We must gain influence apart from manipulation. We all know there are two paths to the mountaintop. The first woman steps on every person beneath with her sharp stilettos until she reaches the summit. The second overflows with genuine love and support for those around her, and is somehow carried up the hill at work and in her social circle.

We must honor style and avoid materialism. Style is an important, respectable art form, but it must be practiced in moderation. Racking up credit card bills to keep up is never the answer, but expressing creative, personal style is. Having ‘nothing to wear’ can be put in perspective when we consider and donate to causes that actually clothe the shoulders and feet of those without any closet at all.

We must practice sweetness apart from passivity. Sweetness is endearing; it breaks down social barriers and disarms even the hardest soul. It is a powerful tool, a gift of gentleness that brings grace to a harsh world; however, sweetness does not equal passivity–it holds a strength and respect and speaks up when necessary, but always in a tone of love.

We must be women who don’t tolerate degradation
. In a culture with so many mixed messages about our sexuality, we must ground ourselves to a core of value. Our bodies are not something to be objectified, but rather honored as sacred. We have been given our sexuality for good and not for manipulation or control. We must rest in a place of dignity, having a standard of never being used and discarded, but rather always cherished and held in high esteem.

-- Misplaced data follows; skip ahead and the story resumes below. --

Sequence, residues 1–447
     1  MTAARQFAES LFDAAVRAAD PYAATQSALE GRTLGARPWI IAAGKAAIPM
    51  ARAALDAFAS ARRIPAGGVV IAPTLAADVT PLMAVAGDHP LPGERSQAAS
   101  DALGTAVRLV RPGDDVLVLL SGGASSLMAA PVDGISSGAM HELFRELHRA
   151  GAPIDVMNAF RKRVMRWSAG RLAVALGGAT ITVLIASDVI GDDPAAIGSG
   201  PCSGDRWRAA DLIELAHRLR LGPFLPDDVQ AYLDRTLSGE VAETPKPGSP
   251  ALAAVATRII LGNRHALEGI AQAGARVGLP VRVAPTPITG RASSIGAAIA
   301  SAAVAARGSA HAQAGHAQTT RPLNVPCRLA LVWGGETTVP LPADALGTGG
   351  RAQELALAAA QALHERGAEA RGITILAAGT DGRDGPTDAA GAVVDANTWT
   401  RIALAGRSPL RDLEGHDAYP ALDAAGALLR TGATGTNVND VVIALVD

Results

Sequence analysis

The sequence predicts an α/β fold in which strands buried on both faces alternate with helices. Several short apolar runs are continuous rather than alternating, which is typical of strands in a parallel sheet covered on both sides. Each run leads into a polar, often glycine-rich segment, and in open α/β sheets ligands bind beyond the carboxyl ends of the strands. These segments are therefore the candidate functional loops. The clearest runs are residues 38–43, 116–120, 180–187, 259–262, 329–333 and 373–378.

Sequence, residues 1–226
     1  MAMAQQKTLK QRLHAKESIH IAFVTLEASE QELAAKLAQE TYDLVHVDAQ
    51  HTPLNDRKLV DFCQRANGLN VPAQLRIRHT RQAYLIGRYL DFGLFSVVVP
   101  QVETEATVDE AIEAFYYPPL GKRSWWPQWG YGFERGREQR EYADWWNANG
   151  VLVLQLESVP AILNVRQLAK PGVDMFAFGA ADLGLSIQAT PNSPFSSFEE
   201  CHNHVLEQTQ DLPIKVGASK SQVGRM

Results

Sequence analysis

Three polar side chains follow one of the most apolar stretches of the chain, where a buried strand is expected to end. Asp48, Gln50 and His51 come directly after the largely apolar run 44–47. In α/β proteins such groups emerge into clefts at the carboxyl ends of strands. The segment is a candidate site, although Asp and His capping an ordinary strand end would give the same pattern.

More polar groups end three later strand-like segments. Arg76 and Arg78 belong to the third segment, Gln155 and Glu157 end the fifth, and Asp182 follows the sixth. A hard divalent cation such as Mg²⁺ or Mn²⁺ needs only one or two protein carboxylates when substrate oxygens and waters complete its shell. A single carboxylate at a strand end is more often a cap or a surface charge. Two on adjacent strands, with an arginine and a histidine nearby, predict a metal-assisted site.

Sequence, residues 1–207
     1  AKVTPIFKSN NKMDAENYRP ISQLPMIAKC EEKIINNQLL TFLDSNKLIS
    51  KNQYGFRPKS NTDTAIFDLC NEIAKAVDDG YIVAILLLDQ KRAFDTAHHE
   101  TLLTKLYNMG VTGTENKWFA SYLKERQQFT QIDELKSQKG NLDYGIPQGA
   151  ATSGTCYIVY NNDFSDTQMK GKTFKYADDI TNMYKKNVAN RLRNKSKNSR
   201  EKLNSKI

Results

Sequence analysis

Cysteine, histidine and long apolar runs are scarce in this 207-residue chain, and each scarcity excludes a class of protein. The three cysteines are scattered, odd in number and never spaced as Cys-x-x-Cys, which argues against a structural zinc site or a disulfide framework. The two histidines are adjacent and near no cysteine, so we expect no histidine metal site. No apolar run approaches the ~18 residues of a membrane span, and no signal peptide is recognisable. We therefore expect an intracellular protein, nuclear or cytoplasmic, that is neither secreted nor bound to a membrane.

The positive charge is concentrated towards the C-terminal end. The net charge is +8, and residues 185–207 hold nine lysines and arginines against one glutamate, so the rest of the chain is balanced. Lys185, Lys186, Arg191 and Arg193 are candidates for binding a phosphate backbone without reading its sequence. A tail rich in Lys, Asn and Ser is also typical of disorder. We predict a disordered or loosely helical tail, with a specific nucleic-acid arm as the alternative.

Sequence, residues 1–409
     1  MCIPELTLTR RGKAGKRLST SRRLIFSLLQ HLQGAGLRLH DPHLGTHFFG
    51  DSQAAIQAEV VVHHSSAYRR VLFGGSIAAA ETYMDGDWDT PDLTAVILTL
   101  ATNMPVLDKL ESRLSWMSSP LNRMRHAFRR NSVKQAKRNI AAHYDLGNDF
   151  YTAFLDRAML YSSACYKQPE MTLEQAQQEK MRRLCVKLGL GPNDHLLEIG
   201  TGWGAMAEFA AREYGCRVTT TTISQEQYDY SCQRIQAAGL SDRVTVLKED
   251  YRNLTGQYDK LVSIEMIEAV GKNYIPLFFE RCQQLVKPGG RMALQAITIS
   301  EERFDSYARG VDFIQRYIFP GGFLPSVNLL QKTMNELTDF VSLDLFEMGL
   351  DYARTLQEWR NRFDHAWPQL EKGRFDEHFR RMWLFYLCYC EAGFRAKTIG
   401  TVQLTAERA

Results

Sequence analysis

Last but certainly not least, we must embody:

Virtue. Drawing out our commendable values and traits and having the character to do what’s best, even if no one is watching.

Wit. An intelligent woman with quick wit is always respected, so employing our natural sense of humor is always a good idea.

Modesty. Not only in how we present ourselves, but a deep healthy reserve and knowledge to know what to share and what to keep, what to reveal and what to hide in an alluring place of mystery.

Wisdom. As with hidden gems, wisdom must be sought and gained through experience and hardship, and to obtain its full worth, it must be given away to others.

The Creation of Beauty. We have been given hands with the potential to create beauty out of the unlikely; to illustrate, write, paint or sing from the heart; to design environments and dig deep in the soil; and, to plant seeds for trees for others to find shelter under.

Love. We must love not in a fleeting, self-seeking sense, but a real, selfless display–seen in the way we honor others, seek to serve, honor truth, trust and hope in others, seeing the best in them. Not harboring anger, but being quick to forgive and walk in patience, kindness, and grace day to day.

I think it’s time to start a #darlingmovement as we walk the streets, rooted in the fact that we are not only interesting but original, not only good enough but exceptional, not just here but here for a purpose only we can fulfill.

Learn more about Darling here.